And then of course is the elephant in the room: Linux is only used by geeks that actually know enough about an OS to work on it and therefor are more secure simply by having more knowledge and experience. It is like the different between an Air Force flight mechanic and the guy that works on airplanes at the backwoods airport, in that one always lives with a wrench in his hand and is constantly working on different things (just like the Linux geeks I know which try different distros like normal people try on clothes) and the other that knows just enough to be dangerous, like the average Windows or Mac user I have to clean up after.

But in the end it is companies like Google that care about this, and with them it all comes down to demographics. Linux users are more likely to use Chromium because they actually care (or even know) about privacy issues, and are likely to tweak everything they run. Windows and Mac users run defaults a good 99.995% of the time and THAT is what companies like Google want to find out: Will their defaults make it easy to hack or not. Linux simply brings nothing to this discussion,anymore than letting someone like me go into the Windows machine and set everything up beforehand so it would be less of a target.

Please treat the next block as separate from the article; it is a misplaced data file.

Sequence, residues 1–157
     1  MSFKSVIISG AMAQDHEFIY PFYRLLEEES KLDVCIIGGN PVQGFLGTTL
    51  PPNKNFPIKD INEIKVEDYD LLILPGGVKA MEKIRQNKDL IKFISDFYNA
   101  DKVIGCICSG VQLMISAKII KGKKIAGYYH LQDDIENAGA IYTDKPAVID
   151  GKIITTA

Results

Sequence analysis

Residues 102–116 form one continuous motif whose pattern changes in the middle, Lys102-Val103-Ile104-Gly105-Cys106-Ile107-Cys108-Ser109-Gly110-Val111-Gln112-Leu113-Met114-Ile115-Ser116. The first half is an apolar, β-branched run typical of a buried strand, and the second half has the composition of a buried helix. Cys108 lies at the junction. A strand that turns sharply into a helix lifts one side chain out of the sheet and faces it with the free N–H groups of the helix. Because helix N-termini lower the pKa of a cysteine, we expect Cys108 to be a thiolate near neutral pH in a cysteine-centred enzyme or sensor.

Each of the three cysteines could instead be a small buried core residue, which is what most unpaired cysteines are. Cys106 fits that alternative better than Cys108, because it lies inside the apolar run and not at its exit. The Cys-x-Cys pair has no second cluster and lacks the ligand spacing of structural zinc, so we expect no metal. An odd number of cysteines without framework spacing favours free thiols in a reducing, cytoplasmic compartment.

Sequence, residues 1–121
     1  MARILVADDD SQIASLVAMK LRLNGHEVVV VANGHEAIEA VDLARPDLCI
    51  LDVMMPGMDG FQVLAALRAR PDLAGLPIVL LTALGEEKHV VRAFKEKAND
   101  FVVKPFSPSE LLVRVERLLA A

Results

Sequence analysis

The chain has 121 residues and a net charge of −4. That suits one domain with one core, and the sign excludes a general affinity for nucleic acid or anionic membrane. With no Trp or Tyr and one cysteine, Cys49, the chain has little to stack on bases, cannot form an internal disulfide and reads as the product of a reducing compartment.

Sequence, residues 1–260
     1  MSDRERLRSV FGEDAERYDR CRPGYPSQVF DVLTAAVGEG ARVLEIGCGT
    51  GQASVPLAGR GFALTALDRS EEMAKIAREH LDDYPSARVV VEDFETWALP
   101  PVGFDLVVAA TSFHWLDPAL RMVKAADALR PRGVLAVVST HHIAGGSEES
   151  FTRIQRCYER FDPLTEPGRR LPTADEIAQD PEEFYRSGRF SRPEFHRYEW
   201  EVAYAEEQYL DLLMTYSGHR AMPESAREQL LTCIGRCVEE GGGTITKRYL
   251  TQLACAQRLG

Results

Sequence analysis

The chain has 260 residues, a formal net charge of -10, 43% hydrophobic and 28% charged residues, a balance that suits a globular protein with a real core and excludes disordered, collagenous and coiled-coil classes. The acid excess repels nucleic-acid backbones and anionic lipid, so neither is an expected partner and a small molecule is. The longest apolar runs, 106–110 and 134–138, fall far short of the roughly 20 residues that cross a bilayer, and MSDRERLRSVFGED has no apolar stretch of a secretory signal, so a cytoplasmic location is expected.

Exploits? (0)

Anonymous Coward | more than 3 years ago | (#35095118)

I'm a bit confused by the article. They use so many buzzwords I'm not sure what they're looking for when they say "hack".

1 vulnerability to escape a sandbox, 1 vulnerability to exploit a bug in chrome, but to what end? Hijacking someone's session data?

Re:Exploits? (1)

MrEricSir (398214) | more than 3 years ago | (#35095188)

Immanentizing the eschaton?

Re:Exploits? (1)

tehcyder (746570) | more than 3 years ago | (#35103458)

That's easy for you to say.

Re:Exploits? (1)

99BottlesOfBeerInMyF (813746) | more than 3 years ago | (#35095196)

Pwn2Own has been going on for years. Just Google the competition and the goal required to win a prize is very clearly explained.

Re:Exploits? (1)

Suki I (1546431) | more than 3 years ago | (#35095298)

I'm a bit confused by the article. They use so many buzzwords I'm not sure what they're looking for when they say "hack".

1 vulnerability to escape a sandbox, 1 vulnerability to exploit a bug in chrome, but to what end? Hijacking someone's session data?

Golf may be involved. Perhaps a taxi driver golfing, with a driver.

Re:Exploits? (1)

Stenchwarrior (1335051) | more than 3 years ago | (#35095674)

They have to hack the browsers from the cloud while using public apps and in a virtual environment, all the while staying well within the green limits set forth by the cyber industry. If they win they get $15,000 and a set of e-nano replicators.